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Posted by James Akumu | For Fab Academy
Molding and Casting Project
For the this project, we are to design and make a product using the molding and casting method, which is used to make exact copies of the original.
I designed the picture frame to hold the standard size picture, which is 150mm by 100mm. However, the design can be scaled down to accomodate smaller pictures.
I used SketchUp to design the picture frame.
I used guidelines to place the 3D text symmetrically.
This is the final design. Time to cut a prototype, which the mold will be made from.
I used the Epilog Mini to cut a prototype.
The Epilog drivers are not compatible with the SketchUp file format. When you send a SketchUp job to the Epilog Mini, it immediately says 'done'. So I used a plug-in exporter for SketchUp that I found on the net, that exports to dxf, and exported a top view of the picture frame. I then opened the .dxf file on CorelDraw X5, and sent the job to the Epilog Mini.
I did an initial run using cardboard to make sure everything comes out correctly. Some of the cardboard caught fire, but it was not anything serious. This is why it is very important that the machine be attended to when running.
This is the final cut prototype, using acrylic. This will be used to make a mold, that replicas will be cast from.
These are the mold making chemicals to be mixed together to produce a tough rubber material that will become the mold. The PMC-121 Series urethane rubbers feature convenient one-to-one by volume mix ratios. PMC-121/30 Dry and PMC-121/30 Wet are exceptionally strong and abrasion resistant for soft urethane mold rubbers. These rubbers will meet the stringent demands of production casting of wax, plasters, concrete, resins and epoxies.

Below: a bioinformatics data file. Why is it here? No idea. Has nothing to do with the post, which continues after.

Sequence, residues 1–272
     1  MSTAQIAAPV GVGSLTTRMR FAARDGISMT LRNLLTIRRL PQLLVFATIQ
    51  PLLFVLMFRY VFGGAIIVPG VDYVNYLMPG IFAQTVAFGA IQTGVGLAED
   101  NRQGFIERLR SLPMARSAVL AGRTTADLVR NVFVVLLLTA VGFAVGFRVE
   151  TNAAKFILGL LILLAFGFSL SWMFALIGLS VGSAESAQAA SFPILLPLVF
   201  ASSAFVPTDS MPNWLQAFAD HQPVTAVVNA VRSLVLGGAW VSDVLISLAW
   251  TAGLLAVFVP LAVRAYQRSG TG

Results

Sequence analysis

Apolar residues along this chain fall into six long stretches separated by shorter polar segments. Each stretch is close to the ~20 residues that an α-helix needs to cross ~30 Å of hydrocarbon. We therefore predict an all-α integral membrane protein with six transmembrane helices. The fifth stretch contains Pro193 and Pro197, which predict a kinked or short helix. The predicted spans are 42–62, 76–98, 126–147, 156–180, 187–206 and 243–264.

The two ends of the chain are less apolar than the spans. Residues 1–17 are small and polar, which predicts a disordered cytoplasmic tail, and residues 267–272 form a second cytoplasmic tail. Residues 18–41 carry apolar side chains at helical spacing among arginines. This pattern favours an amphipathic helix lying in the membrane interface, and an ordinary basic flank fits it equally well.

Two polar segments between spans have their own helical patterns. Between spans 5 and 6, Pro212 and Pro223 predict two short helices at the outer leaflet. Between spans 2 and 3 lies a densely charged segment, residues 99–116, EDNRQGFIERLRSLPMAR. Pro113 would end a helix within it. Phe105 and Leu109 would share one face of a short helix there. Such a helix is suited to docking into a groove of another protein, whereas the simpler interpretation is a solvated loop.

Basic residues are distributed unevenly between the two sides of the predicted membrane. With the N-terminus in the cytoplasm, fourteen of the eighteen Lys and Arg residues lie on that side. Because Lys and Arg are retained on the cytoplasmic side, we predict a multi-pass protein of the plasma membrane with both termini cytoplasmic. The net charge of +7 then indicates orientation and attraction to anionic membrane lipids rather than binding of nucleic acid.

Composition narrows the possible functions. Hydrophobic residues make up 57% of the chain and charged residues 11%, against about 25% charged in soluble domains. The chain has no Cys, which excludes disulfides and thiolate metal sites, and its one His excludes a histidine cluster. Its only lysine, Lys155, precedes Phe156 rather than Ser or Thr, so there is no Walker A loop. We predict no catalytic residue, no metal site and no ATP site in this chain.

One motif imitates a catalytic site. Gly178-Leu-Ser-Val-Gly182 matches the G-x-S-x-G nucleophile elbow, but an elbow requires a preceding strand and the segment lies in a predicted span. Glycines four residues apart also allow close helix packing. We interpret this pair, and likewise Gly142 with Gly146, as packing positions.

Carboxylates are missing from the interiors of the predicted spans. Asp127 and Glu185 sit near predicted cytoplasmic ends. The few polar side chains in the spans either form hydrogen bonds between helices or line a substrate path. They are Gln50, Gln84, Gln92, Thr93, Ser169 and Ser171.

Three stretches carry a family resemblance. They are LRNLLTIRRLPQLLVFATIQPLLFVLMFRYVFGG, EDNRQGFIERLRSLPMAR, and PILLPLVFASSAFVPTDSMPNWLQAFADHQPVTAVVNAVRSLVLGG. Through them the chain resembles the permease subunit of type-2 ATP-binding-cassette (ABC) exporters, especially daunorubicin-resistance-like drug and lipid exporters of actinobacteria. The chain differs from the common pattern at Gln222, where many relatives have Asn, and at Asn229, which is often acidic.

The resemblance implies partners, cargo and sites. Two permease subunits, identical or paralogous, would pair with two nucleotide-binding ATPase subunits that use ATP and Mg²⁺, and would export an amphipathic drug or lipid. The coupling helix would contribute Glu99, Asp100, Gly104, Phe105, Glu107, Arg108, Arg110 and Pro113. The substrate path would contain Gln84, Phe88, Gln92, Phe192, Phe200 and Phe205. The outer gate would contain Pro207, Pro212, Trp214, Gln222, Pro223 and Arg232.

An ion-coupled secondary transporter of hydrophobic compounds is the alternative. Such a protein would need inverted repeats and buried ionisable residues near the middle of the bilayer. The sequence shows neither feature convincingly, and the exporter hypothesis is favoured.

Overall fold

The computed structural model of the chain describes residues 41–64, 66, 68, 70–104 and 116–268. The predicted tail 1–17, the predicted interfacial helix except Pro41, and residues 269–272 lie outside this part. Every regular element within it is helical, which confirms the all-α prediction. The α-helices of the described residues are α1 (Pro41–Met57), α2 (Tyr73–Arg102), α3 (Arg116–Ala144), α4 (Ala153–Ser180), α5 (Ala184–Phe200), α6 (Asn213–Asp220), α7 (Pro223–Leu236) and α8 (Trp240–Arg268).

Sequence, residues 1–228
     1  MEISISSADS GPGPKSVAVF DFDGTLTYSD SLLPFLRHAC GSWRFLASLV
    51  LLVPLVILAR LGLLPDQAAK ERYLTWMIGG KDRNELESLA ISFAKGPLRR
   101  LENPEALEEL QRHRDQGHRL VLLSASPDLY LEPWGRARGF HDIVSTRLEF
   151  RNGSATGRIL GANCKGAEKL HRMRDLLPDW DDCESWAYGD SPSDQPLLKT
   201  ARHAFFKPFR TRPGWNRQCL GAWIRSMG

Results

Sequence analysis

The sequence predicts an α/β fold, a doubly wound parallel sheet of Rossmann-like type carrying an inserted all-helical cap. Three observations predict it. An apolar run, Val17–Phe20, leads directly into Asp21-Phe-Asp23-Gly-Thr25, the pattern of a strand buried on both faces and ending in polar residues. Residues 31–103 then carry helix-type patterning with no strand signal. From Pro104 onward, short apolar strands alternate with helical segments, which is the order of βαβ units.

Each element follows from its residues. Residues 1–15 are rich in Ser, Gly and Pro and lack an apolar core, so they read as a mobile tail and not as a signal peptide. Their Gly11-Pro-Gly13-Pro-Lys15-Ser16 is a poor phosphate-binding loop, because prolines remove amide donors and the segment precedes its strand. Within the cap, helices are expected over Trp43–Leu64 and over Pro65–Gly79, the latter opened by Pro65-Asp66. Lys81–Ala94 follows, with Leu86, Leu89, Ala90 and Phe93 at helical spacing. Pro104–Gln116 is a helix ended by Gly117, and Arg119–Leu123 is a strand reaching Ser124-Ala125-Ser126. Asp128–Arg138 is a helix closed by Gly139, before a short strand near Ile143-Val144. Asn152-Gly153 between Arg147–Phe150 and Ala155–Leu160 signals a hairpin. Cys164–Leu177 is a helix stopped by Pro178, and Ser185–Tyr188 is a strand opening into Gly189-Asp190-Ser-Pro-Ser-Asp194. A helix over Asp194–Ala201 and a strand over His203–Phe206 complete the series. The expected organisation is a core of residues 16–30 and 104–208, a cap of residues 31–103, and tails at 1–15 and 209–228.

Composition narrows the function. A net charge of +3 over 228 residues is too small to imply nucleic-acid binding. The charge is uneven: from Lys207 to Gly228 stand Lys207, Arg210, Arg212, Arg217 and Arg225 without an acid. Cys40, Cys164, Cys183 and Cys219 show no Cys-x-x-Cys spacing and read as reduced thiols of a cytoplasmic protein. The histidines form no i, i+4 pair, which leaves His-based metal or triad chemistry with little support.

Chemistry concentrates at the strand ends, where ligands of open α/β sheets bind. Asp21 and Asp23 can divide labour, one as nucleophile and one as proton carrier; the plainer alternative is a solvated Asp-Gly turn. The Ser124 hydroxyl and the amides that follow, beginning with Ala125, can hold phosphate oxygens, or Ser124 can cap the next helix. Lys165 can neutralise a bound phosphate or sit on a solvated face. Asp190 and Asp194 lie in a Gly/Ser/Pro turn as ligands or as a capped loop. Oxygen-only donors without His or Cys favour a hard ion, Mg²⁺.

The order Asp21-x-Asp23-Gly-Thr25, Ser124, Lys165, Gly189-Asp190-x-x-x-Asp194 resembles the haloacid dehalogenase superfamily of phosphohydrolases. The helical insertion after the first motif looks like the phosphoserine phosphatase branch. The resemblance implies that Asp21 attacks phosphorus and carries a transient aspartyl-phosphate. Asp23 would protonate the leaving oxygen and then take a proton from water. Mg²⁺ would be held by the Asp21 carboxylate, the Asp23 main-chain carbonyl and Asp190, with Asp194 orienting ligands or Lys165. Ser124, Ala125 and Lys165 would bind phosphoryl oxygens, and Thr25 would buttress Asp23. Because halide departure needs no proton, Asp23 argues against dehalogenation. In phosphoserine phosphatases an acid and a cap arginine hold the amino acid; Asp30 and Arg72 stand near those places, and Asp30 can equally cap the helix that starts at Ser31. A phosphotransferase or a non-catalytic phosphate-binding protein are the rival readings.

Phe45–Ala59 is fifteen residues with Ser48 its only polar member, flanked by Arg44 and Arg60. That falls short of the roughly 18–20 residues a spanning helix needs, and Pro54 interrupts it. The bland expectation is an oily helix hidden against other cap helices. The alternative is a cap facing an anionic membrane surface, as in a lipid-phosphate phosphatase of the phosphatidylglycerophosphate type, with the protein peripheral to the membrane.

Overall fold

I placed the prototype model in a container with a flat surface. After patiently mixing and stirring the above mentioned chemicals, for consistency, and to remove air bubbles, I poured the mix over the acrylic prototype.
Pouring is done very slowly to avoid creating air pockets.
The prototype model is totally submerged in the liquid mix.
Coming back the next day, I find that the urethane rubber seems to have settled well.
After carefully removing the prototype from the mold, an inverse image of the original is revealed.
For the casting material, I used Dry Stone, which is a cement mix with a higher gypsum content for quicker setting time. I slowly added the Dry Stone powder to half a glass of water, while continuously stirring, to keep the mixture from setting, and to remove air. I then slowly and carefully poured the mix into the mold to avoid creating air pockets.
The cast cracked while drying. This means that my mixing ratios, of water to dry stone, were wrong. I must have put too much dry stone. I was going by sight and texture as I mixed the ingredients, but it is better to have a scale to get the mixing ratios right.
When I picked up the mold, even more cracks were evident.
I cleaned out the mold; made a fresh dry stone mix; and poured the mix into the mold carefully. I could'nt find a scale, so I approximated the ratios, which are: 100g of powder to 65g of water.
This time the cast was much stronger than the first time, and did not crack when I picked it up. However, when I tried to remove it from the mold it refused to come out. I was told that the font I used for writting was too small, with too many curves, and this is what made it difficult to remove the cast. When I applied pressure to try and get it out, it started cracking.
I will have to make a new mold, a bit larger, with a simpler font.